— Well-designed two-way cycle paths should be able to fit fire trucks.
COMMENT & ANALYSIS: If people are claiming that police, fire service or ambulance vehicles will be blocked by two-way cycle paths, there’s a good chance that (1) they are using emergency access as an excuse to object to the cycle path, and/or (2) the cycle path can be improved.
People in Galway might think this article is about their city and some people in the South Dublin County Council area may think the same. But it’s is an excuse in different countries when walking and cycling infrastructure is suggested or planned.
For example, despite repeated claims to the contrary, research on Low Traffic Neighbourhoods found that “there was no evidence that the introduction of LTNs was associated with a change in the response time” for fire engines.
Once a two-way cycle path has an effective width of 3 metres, or slightly wider, it should be able to fit emergency services vehicles.
Regardless of emergency access, those designing two-way cycle paths should be aiming for wider where they space is available, ie at least 3.5 metres but ideal 4 metres wide. With these widths, emergency access should be possible as long as the route is of a high-quality, ie no sharp bends etc.
The reality is that 99.999% of people who make such claims aren’t alerting newspapers or taking to social media when a fire engine or ambulance gets blocked by congestion caused by motorists moving around or parking their cars.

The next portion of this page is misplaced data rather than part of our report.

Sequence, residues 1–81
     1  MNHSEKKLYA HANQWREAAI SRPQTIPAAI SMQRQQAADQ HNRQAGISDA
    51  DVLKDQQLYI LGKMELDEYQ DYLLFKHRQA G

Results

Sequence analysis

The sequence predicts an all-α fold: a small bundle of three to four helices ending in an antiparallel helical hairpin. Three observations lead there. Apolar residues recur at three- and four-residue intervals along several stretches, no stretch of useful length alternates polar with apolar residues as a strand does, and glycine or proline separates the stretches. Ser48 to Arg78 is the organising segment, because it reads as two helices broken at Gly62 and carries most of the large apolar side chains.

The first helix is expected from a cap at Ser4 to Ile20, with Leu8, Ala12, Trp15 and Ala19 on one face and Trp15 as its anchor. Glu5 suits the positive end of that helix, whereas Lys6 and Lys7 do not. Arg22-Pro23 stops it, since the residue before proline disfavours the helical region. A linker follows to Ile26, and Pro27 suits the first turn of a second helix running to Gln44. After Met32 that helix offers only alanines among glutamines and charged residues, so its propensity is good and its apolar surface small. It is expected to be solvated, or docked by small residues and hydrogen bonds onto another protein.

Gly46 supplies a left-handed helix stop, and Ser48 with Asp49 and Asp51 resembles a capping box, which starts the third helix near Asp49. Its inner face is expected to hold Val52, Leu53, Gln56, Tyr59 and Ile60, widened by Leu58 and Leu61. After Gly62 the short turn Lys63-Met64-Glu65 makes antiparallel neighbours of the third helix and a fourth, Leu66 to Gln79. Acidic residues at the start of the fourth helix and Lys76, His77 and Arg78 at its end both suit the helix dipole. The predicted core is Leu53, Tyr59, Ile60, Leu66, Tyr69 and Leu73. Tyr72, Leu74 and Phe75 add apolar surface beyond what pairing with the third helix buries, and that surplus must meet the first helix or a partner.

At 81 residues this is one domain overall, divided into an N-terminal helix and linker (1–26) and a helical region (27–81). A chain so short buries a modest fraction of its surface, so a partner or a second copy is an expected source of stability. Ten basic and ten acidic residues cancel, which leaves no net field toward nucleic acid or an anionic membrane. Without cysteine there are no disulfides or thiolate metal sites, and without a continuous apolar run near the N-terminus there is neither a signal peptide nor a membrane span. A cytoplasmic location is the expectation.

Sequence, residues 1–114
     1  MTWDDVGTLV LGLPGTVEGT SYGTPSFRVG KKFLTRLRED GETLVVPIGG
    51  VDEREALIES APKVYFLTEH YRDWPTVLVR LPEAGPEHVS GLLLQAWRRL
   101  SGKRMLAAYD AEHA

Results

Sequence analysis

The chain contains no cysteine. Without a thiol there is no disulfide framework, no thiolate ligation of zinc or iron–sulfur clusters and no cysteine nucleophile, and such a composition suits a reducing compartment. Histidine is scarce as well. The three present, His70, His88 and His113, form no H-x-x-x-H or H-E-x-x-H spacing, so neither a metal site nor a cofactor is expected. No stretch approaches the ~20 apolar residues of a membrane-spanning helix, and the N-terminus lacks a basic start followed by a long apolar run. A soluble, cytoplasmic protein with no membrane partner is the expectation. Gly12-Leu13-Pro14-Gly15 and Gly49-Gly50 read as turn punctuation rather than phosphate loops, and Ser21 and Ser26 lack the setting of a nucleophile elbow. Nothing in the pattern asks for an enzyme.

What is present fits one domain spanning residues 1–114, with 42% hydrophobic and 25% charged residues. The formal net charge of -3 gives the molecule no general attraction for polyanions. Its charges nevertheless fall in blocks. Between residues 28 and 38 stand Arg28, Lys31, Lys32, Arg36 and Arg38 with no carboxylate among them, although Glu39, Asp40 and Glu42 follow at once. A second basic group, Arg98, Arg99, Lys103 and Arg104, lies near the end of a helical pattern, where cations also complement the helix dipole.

So, people giving out that cycle paths do or will block ambulances or fire tenders is rarely anything other than anti-cycling infrastructure (or pro-status quo) rhetoric. They probably also said something like “I’m a keen cyclist, but…” or “I’m all for cycle lane, but…”.
Or they’ll have Tim, a local avid cyclist supporting their group of objectors. When a photo is taken for Facebook or the local newspaper, Tim will even have made sure to dress up in his sports cycling gear to show he’s a real cyclist. Standing there as proud as can be against cycling infrastructure design with people of all ages and abilities in mind.
Examples of two-way cycle paths used by emergency services:
Dublin: There’s many examples on the DLR Coastal Mobility Route in Dublin where emergency services have used the cycle path:
Brilliant. I saw this paramedic responding to an incident on 12 August, using the CMR to get to Dún Laoghaire DART station. pic.twitter.com/5K8D35acWz
— Joan // Stay apart, Mask up (@clicky_here) October 1, 2020
Paris: The film “Notre-Dame Brûle” is to show how firefighters arrived quickly on the scene despite the traffic jams thanks to the cycle path along the Seine which had just been completed, which is based on accounts of what happened when Notre-Dame was ablaze:
London: As a city with a good few two-way cycle paths along central main roads, emergency services can use the cycle paths to bypass congested motor traffic: